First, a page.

VerbSap, an online magazine, publishes Concise Prose - Enough Said: Fiction and creative non-fiction, and very occasionally a poem. Work found here tends to be on the short side (at most 3000 words long), and all pieces have that surprising, jolting quality that comes from very close observation and the writer's unwillingness to settle for the second best word. There is room for the unusual and disturbing in VerbSap's selections, but you'll search in vain for gimmicks or sloppiness. Each large issue should be consumed in small sips, since these concentrated bits of fiction resonate a long time.
The table of contents provides story excerpts so readers can
take their pick easily. Here are my personal favorites: Jack
Galmitz's understated "The Parakeet," a superficially simple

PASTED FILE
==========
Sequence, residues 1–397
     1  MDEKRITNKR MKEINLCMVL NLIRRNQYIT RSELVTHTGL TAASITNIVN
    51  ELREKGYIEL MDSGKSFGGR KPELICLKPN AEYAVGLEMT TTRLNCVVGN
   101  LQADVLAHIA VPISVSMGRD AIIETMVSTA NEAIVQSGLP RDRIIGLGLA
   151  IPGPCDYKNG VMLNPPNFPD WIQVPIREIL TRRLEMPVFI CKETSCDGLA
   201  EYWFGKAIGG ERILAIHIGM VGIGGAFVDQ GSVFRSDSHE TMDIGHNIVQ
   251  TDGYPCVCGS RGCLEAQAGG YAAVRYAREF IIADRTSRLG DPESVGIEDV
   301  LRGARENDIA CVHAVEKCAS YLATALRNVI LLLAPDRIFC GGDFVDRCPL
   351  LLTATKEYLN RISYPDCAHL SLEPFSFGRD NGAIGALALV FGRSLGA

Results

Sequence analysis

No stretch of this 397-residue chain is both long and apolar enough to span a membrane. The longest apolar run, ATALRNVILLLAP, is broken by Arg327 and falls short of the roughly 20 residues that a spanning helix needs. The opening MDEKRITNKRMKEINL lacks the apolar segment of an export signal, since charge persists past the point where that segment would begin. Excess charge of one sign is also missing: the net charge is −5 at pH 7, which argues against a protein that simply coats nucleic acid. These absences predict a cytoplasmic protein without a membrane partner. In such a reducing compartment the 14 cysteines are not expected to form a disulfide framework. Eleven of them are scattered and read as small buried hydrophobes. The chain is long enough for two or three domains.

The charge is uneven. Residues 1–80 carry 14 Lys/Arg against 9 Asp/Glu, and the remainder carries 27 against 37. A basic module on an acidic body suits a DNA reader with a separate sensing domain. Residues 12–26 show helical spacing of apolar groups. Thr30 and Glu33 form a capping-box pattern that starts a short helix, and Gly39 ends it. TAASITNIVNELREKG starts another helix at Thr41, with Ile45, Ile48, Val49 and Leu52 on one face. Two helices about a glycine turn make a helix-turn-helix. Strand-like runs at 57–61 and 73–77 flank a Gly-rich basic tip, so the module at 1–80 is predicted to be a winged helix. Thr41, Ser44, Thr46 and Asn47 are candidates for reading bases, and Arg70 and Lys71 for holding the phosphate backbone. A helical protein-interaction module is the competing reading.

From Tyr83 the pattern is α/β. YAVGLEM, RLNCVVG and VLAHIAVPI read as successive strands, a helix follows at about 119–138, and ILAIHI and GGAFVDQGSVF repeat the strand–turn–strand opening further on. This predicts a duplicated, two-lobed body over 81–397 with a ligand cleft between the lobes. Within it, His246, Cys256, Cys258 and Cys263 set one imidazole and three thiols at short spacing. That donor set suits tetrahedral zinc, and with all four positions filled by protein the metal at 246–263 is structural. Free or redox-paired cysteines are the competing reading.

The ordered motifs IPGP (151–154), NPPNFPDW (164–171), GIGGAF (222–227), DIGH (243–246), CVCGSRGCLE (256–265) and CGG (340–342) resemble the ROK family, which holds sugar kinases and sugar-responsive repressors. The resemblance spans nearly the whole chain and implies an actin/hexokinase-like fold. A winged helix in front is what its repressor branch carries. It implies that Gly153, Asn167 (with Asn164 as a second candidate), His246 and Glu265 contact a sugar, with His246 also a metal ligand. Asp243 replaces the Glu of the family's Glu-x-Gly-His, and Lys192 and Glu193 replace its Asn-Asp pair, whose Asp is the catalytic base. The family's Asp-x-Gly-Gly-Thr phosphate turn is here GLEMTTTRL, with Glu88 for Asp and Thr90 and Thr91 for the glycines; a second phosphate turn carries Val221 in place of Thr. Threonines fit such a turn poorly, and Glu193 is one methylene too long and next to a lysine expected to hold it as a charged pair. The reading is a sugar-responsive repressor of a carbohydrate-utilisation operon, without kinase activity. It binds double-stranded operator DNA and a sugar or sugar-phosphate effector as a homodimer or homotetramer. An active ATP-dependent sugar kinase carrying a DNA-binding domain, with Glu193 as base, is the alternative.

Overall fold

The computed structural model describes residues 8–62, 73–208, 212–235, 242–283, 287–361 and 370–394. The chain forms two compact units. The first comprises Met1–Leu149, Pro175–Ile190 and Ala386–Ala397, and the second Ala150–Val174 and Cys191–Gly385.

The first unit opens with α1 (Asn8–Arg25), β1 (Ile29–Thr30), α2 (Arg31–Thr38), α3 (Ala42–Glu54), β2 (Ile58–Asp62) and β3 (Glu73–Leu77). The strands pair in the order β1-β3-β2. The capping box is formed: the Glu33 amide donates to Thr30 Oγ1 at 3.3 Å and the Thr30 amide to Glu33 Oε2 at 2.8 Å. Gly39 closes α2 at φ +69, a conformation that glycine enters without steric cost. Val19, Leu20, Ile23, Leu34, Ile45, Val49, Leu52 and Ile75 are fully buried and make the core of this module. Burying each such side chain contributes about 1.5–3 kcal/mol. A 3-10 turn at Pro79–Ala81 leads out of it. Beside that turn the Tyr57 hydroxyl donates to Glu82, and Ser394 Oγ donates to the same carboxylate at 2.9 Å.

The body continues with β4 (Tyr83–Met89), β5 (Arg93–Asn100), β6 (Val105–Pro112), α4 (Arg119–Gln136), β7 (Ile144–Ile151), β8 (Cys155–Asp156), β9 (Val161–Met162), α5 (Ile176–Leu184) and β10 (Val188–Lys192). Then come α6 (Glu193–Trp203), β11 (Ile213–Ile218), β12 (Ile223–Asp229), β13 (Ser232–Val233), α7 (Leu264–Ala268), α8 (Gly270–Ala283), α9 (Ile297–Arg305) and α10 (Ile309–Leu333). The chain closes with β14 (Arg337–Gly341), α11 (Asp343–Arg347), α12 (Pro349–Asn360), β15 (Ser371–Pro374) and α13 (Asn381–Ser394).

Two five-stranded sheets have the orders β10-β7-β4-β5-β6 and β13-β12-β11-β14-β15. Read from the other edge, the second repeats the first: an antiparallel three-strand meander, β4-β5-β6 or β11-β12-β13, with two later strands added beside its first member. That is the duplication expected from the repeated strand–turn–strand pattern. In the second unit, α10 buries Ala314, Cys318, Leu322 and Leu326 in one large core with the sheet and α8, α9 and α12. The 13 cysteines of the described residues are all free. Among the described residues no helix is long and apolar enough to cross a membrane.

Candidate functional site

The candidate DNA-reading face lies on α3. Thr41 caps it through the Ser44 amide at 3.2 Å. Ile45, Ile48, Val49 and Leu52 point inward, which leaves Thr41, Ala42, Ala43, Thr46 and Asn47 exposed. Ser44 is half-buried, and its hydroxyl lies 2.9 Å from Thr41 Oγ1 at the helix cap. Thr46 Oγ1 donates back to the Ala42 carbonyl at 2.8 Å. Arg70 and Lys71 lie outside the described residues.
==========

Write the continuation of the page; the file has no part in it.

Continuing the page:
tale about a boy and his pet which ends on a beautifully sad
note; Stephanie Johnson's "Faux-Finish," in which a bitter
ex-husband tries to interfere with his former wife's attempts to
sell their house; Neil Crabtree's "Somewhere," in which old
lovers meet again in a scene bursting with awkwardness and
suppressed euphoria and foreshadowed doom (“We were stunned by
the reality of ourselves, 20 years later”); Hank Kirton's
graceful "Armless," another seemingly simple story revealing its
profoundness in the last paragraph (like "Parakeet" and
"Somewhere"); and Jennifer Vaughn's "Train Trestle." In this
last story, the narrator collects and comments on obituaries, a
morbid hobby she pursues with detached precision, until her own
grief is subtly revealed. The stories in VerbSap reward anyone
who reads a story to the end. Fortunately, they offer plenty of
reasons to do just that.
NewPages Literary Magazine Stand recent reviews: